Wednesday, May 09, 2012

Which wine brands do YOU most admire - your chance to argue with the Drinks Intl list

Drinks International's Top 50 Most Admired Wine Brands, selected by "Sixty members of the global wine community... including Peter McCombie MW, Peter Marks MW, Tuomas Meriluoto MW, Kym Milne MW and Lynne Sherriff MW."

It's always fun to pick holes in lists like this - that's what they're for.
This one feels a bit tired, but then maybe it has to reflect brands that are standing the test of time. Also, "admire" may mean different things to different people. Japan-based friends have also suggested (fairly in my view) that it's very UK-centric. If one considers the US market, Barefoot is infinitely more important - and admirable - than Jacob's Creek, for example. Are KJ, Ridge, Fetzer, Gallo, Woodbridge and Mondavi really the only other US brands worth including? Where's Louis Jadot? Why no Cloudy Bay? Or Icewine?
I'm presuming that Champagne, sherry and port were excluded...
I've highlighted some of the most questionable (in my mind) entries. 
1 Concha y Toro
2 Torres
3 Antinori
4 Penfolds
5 Jacob's Creek (Not strong in US)
6 Kendall Jackson
7 Michel Chapoutier
8 Guigal
9 Vega Sicilia
10 Chateau Margaux
11 Duboeuf
12 JP Chenet
13 Ridge
14 Brancott Estate
15 Marques de Riscal
16 Chateau Ste Michelle
17 Oyster Bay
18 Cheval Blanc
19 McGuigan (Very UK/Australian)
20 Domaine de la Romanee-Conti
21 Campo Viejo
22 Cloudy Bay
23 Chateau Lafite
24 Fetzer
25 Marques de Caceres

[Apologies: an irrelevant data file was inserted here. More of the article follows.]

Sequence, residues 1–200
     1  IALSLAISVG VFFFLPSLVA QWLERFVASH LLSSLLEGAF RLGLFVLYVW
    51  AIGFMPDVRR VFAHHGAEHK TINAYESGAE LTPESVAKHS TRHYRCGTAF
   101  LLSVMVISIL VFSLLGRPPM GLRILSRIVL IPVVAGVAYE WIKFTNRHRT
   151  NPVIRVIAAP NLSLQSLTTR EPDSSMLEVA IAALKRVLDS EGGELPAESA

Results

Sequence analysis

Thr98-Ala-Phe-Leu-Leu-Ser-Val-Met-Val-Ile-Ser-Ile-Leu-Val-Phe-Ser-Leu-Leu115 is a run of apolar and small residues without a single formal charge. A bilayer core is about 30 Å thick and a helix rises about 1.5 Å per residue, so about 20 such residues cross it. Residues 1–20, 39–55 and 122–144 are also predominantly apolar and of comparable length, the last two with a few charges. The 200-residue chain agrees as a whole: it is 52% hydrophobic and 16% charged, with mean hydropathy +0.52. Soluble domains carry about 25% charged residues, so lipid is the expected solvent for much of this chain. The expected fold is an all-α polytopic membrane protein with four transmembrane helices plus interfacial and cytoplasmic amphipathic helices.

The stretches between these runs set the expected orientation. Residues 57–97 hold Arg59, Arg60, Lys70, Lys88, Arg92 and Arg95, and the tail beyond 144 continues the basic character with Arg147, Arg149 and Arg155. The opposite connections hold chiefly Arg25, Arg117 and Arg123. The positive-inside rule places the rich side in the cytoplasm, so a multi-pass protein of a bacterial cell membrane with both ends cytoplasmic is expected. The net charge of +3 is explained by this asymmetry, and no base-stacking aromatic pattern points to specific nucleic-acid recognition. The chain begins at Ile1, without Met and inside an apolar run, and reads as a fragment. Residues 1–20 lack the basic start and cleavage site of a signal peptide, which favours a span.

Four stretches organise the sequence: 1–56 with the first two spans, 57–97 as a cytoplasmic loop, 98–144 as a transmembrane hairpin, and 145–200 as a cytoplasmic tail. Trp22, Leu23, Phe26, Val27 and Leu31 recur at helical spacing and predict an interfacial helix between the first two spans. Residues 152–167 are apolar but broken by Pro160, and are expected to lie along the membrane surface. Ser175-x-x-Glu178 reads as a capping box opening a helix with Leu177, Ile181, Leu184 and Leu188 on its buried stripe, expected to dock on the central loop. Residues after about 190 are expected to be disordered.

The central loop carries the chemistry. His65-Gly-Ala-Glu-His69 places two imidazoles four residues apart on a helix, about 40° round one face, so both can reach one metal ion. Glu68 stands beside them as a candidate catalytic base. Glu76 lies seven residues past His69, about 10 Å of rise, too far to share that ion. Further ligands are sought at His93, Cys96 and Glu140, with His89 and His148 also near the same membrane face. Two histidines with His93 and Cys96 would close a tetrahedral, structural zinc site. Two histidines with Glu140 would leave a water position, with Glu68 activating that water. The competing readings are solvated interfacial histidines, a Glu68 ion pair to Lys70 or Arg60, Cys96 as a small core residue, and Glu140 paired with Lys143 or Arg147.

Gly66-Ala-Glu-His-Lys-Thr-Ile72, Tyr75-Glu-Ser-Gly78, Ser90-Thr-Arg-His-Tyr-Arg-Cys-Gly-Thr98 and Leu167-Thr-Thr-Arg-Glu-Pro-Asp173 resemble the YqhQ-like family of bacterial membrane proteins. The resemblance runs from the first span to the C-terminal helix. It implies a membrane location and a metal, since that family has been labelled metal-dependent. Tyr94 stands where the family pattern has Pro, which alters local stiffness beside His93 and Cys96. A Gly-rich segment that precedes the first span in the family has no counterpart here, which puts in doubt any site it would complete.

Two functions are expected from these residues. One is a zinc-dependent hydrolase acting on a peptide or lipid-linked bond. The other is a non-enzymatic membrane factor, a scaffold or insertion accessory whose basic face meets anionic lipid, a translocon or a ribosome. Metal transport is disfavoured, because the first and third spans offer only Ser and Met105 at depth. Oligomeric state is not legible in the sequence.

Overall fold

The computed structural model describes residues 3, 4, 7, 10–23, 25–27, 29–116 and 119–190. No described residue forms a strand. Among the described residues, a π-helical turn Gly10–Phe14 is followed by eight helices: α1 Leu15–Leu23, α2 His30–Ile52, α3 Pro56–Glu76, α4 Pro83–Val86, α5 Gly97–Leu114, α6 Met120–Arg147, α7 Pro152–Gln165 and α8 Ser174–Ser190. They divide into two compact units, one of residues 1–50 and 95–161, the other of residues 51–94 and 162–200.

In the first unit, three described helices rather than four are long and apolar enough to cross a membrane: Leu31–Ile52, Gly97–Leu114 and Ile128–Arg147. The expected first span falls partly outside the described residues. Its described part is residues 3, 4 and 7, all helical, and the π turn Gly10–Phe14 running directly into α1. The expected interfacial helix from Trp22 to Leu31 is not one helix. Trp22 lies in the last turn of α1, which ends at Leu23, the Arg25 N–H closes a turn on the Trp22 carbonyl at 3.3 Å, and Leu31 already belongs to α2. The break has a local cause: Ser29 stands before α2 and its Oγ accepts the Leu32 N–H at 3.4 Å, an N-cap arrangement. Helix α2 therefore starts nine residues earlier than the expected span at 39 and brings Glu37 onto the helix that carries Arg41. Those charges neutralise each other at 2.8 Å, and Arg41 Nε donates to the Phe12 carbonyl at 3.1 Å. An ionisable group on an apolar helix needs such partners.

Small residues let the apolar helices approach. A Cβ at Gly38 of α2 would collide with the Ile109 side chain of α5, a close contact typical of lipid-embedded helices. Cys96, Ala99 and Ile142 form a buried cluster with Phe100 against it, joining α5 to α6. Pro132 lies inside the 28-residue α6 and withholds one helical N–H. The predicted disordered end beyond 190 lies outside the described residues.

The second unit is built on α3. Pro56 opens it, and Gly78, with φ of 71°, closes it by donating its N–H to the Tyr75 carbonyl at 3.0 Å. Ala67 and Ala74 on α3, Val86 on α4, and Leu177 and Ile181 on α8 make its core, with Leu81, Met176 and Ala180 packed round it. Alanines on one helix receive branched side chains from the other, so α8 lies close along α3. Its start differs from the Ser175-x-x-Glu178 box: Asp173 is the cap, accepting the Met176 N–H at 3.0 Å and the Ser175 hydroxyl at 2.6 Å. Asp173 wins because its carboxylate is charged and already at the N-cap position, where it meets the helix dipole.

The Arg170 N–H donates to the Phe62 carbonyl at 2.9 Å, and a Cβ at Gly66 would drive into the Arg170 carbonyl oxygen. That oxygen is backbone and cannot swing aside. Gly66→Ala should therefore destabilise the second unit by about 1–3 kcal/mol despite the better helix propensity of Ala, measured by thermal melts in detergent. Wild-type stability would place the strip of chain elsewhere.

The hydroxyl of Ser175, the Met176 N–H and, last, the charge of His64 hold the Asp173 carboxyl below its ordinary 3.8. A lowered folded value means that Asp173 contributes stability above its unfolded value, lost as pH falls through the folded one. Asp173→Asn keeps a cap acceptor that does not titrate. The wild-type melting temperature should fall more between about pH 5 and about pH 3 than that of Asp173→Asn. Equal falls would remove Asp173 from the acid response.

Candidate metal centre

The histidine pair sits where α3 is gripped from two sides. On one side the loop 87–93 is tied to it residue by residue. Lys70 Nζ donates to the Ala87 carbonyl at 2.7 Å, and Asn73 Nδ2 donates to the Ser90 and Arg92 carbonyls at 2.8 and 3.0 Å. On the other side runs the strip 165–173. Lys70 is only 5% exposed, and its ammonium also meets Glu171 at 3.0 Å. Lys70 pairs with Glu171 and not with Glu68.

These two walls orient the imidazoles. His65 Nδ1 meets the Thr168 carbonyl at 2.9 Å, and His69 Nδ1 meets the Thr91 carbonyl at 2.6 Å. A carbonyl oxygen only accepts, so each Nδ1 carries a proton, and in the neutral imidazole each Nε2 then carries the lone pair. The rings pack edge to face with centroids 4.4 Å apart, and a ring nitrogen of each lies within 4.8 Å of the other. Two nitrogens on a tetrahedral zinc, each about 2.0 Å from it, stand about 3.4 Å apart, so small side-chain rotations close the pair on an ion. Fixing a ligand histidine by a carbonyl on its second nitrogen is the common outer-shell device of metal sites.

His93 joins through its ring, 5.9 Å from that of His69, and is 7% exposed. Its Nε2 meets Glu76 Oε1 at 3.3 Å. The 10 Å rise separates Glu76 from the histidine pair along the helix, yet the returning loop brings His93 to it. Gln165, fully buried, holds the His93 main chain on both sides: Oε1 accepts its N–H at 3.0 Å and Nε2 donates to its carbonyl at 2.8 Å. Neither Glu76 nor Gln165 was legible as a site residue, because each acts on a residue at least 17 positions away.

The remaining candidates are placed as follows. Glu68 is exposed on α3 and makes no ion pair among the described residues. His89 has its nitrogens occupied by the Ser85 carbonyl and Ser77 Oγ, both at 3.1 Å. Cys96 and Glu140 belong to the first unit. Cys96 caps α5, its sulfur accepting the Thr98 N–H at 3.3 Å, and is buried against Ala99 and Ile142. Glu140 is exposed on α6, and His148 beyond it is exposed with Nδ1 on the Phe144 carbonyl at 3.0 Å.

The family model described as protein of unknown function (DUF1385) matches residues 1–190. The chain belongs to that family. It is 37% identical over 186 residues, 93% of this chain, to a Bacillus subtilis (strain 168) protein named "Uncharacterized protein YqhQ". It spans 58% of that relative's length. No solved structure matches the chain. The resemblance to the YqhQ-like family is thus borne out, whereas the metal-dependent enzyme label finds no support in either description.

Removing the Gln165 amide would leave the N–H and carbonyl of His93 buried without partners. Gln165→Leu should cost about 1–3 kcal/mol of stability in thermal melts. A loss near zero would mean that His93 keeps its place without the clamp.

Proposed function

26 Blue Nun
27 KWV
28 Robert Mondavi
29 Santa Rita
30 Chateau Haut-Brion
31Villa Maria
32 Barefoot
33 Chateau d'Yquem
34 Faustino
35 Gallo
36 Chateau Le Pin
37 Lindeman's
38 O Fournier
39 Chateau Mouton Rothschild
40 Chateau Petrus
41 Undurruga
42 Woodbridge
43 Paul Jaboulet Aine
44 Babich
45 Dr Loosen
46 Wither Hills
47 Oxford Landing
48 Nobilo
49 Black Tower
50 Yellowtail

Now, it's your turn to edit the list! Comments please


  1. Suggestions from @wine_diamonds in Japan: Opus One, Joseph Phelps, Yalumba, Montes, Perrin et Fils, Ata Rangi. From @grapewallofchina anything from DBR. My thought: Romanee-Conti

  2. I can admire some wines from Antinori, Penfolds and Concha y Toro. But to put them, as companies, in such a list, no.
    Ans how can one compare Château Margaux and JP Chenet, how can one put them in one same list?
    And my own list would be based on personal achievements, not dollars or pounds.Miguel Torres, as a man, would qualify as admirable. But where are are the Hugels, Egon Muller, Kracher, Opitz...?
    Drinks Intl should just change the name of this list, replace admirable by successful or influential.

    Hervé LALAU

  3. I agree that one person's 'admirable' is another person's undesirable. But I also see a Gallic/Cartesian attitude in your comment. The panel for the Oscars and the Car of the Year have to compare very different styles and categories when choosing their winners of the year. This list - with which I do not agree - is published by Drinks Business Magazine. There's a little clue in the name of that publication: the admiration is focused on the businesses' success AS BUSINESSES. In France, in particular, successful wine brands are often treated with disdain. It often seems as though, to be respected, wine has to be made by small families from their own tiny plots of vines. Your final line says a great deal: 'admirable' and 'successful' appear to be totally separate terms for you.

    I happen to admire JP Chenet and Barefot Cellars without personally wanting to drink either of their wines.

  4. I guess one has to accept to be someone else's stereotype. Call me Gallic, I will call you neoliberal, but it's not the point here. My point is that we should not twist too much the meaning of words, and admirable is a very strong word indeed. And btw, last week, I praised the wines of Arthur Metz, a division of GCF (JP Chenet) so I can assure you I do my best to avoid any "small is beuatiful" syndrom.